Then on the road again. It's weird to get back behind the wheel after a three-week hiatus. I felt smaller in the driver's seat. The clutch felt firmer than I remembered. The car felt enormous.
It seemed silly to drive a mile to the grocery store, only having to reenter the heat once the car had finally cooled down. So I tried to get Annabel to agree to go to a store that was further away from home. All I wanted to do was sit in a cool place and drive. Silas was asleep, perhaps Annabel would take a bit of a nap, too.
But no. She had her heart set on carrots, popsicles and band-aids I said we'd procure at "the big store."
So a mile away we'd go. After I got them out of the car with only minimal peril (a car pulled in right next to us as I was outside the "suicide doors" trying to get Silas back in his sling and trying to keep Annabel from getting out of the car until I was ready. Suffice it to say suicide doors are aptly named.
Inside the store, Annabel was a perfect shopper. She only asked to buy a tiny vegetable platter with dip for some astronomical amount and was perfectly accepting of my firm "NO." We got what we'd gone for and nothing else. Silas, of course, slept through it all.
Monday, July 09, 2007
I can't take credit for that headline, damnit.
My friend Barbara tells me her husband, Robert, had been waiting for WEEKS to let that one rip. He finally got a chance on Saturday, when they threw us a little barbecue soiree, complete with grilled mahi-mahi tacos and homemade citrus-lime salsa, in honor of the new addition to our family.
It's really a shame Jed hates fish. They threw a chicken on the barbie for him, and really, in my humble gastronmic opinion, he was missing out. Luckily for me, though, they sent me home with leftovers. I have lunches taken care of for at least three days.
And then Sunday, Jed's friends and former soccer players threw another party in Silas' honor. This one was complete with kabobs and champagne and some stunning gifts. The most exotic of which came from Loren and his lovely and talented wife, Lisa.
I'm pretty sure Silas is the only infant in North America to receive a pet chipmunk at the ripe old age of 18 days old. ... Ok. ... it's not really a pet and it was freed to live it's little life in peace shortly after Annabel named him "Jumpy" and tried to shove crabapples into the mesh. But it was fun while it lasted even if Silas slept through it all.
Have I mentioned we have some amazing friends in real life, too?
Friday, July 06, 2007
Whilrwind has tagged me for a meme. And so, having been sitting in the house, melting from the heat and unable to drive myself anywhere or do anything more strenuous than going to get the mail (pretending I'm NOT doing the laundry) and baking cookies with Annabel, I welcome it with open arms. ...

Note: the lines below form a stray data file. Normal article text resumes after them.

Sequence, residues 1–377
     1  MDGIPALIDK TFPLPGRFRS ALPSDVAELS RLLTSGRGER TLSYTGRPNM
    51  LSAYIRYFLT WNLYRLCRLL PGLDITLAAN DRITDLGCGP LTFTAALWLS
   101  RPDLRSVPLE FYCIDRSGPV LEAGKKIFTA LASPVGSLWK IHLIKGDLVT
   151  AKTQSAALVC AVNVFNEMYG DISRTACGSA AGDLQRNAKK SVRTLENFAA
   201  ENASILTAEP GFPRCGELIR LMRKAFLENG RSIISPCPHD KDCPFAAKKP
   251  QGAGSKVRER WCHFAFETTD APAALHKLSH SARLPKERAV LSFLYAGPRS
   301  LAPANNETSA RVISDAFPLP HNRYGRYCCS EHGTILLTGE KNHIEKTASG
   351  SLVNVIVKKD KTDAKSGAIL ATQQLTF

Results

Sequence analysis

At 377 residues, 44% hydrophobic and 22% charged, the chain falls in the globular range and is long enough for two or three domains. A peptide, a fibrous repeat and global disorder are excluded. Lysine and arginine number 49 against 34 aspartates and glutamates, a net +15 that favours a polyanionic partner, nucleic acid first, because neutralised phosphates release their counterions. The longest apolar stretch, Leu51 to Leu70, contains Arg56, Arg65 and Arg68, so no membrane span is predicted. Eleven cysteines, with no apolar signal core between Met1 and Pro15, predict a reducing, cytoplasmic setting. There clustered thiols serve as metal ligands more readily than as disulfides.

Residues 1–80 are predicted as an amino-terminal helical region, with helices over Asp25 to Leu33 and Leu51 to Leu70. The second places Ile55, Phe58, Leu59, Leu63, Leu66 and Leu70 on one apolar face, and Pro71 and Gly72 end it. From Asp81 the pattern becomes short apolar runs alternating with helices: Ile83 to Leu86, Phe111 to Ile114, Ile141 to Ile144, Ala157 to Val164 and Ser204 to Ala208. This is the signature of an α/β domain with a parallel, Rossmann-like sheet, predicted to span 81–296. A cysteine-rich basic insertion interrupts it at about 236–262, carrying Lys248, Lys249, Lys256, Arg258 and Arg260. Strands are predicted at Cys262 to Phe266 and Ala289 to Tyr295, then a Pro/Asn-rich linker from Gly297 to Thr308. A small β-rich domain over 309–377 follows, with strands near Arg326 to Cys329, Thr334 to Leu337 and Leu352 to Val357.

And now, without further ado, here it is: Eight Things You Might Not Have Known About Me (even though I ramble on and on about pretty much everything).
1. Lock, Stock and Two Smoking Clippers -- I haven't gotten my hair cut since Annabel was 5 months old and I donated it to Locks of Love. I'm planning on doing it again in a few weeks before my hair starts shedding it's pregnancy weight. Have I mentioned how much I hate short hair? Not because of the way I look (because, let's face it, short hair really is more flattering for a person my age) but because if you keep it short you have to maintain it. You have to get haircuts every six to eight weeks. That's not in me; not in the least.
2. Barefoot and ... I loved being pregnant. Both times. Sure I complained non-stop about heartburn and other unmentionable ailments but I always feel healthy and emotionally content in pregnancy. There's always a little bit of a let down once the baby is born and no longer jabbing me with their knees and elbows. I feel alone.
3. Hypochondria or Hypothyroidism? -- I have hypothyroidism. I take 112 mgs of Levoxyl every day to replace the hormone my gland doesn't make anymore. My sister and I go to the same endocrinologist. My doctor told her that my thyroid gland is virtually gone. She hasn't mentioned it to me yet, though.
4. Reading is Fundamental -- I have read three books since Annabel was born. This pains me. I used to read a book every two days.
5. Sit and Spin -- I miss going to the laundrymat. It's one of those things that once you have a washing machine in the house you never do again. You just can't muster up the gumption to drag a hundred pounds of dirty clothes, towels and linens to the local "Suds and Duds" no matter how much you like the smell of dryer sheets or the din of humanity. You can't trump convenience for even one afternoon of nostalgia.
6. Career Counseling -- I never got a job with Rolling Stone or The New York Times (or the Weekly World News) and I've been rejected from The New Yorker more times than I've probably even subjected my drivel to its editors, yet what makes me feel like a failure is the fact that I can't seem to clean my house or weed the garden.
7. Surprise party? I'll kill ya! -- I hate surprises. Mostly because there's always something that backfires. Something I can't control that somehow gets blamed on me when it goes wrong. For example. My bridal shower was a "surprise party," in which names were spelled wrong on the invitations, people didn't get invited ... You know where this is going right? Yeah, people complained to me.